Use of the ECU began in 1979. The ECU basket included a specified amount of each EU member currency. The amounts were based on the respective strengths of the economies involved. The composition of the ECU basket was frozen in March 1993 so that the curre ncies of new members, including Finland, are not included. This is, however, of no significance because a central rate for a currency can be defined against both the ECU and each of the other currencies, even though that currency is not included in the ECU basket.

The ECU basket, ie the official ECU, is not a freely traded currency. It is instead a payment and accounting unit for payment transactions between central banks. The ECU will be removed from use when the euro is launched on 1 January 1999.

In addition to the official ECU there is the private ECU created by commercial banks, which is freely exchanged in the various markets. Private ECUs are used on the basis of contracts in which the parties agree that payment is to be made in ECUs.

The values of the official and private ECUs can differ from each other although they generally change in the same direction. The official ECU is the weighted average of the currencies included in the ECU basket whereas the value of t he private ECU is determined by market supply and demand like any other commercially used currency.

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Cooperative central bank financing facilities

The cooperative central bank financing facilities are administered by the European Monetary Institute (EMI). There are three of these:

  • Very Short-Term Financing (VSTF)
  • Short-Term Monetary Support (STMS)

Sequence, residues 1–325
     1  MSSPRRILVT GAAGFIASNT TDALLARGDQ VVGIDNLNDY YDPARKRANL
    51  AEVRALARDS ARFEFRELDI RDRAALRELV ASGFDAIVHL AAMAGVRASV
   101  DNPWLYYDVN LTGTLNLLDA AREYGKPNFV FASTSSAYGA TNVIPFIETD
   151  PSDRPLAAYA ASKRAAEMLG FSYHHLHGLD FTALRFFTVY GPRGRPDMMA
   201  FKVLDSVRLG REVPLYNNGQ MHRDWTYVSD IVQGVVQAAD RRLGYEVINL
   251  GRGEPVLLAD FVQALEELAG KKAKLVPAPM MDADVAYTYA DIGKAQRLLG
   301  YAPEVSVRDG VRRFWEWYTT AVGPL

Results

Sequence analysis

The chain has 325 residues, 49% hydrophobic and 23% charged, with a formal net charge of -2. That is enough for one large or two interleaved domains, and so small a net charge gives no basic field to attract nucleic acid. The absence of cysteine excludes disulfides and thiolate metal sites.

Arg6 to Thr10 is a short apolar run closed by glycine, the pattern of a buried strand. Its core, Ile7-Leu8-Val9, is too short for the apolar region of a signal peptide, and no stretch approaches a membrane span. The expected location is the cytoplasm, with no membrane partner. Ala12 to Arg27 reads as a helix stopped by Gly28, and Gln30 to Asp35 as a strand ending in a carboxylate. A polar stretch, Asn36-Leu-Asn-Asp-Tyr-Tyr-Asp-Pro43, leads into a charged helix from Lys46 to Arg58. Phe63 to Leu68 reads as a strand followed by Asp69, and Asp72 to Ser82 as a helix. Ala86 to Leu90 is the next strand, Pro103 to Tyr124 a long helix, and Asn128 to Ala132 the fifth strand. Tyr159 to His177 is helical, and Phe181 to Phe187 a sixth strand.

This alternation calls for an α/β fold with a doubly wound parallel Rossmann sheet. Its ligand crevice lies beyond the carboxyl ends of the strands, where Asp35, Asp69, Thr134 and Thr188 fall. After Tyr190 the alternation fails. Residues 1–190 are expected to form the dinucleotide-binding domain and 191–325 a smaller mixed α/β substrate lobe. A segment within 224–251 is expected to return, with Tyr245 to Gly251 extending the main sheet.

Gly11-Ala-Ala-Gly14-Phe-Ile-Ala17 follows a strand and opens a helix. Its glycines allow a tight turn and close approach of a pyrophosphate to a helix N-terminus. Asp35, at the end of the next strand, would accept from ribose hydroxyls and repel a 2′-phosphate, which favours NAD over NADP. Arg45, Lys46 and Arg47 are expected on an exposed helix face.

• Medium-Term Financial Assistance (MTFA).

Very Short-Term Financing is the ERM central banks' mutual intervention financing facility, through which a central bank can automatically obtain loans for supportive selling when the rate approaches a fluctuation limit. The loans are granted by the centr al bank whose currency is approaching its 'strong' limit. Loans for interventions well within the fluctuation margins are always subject to approval of the lending central bank.

Short-Term Monetary Support is designed for financing temporary balance of payments deficits; any EMS member state can apply for this type of support.

Medium-Term Financial Assistance can be granted to an EMS state for 2-5 years in case of serious balance of payments problems.

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ECU basket weights in September, 1996.
in percent

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Because of the roundings the sum of the weights does not add up to 100.0.

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Faculty Advisor : Prof. Jeffrey Hart
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Last updated : 6.18.97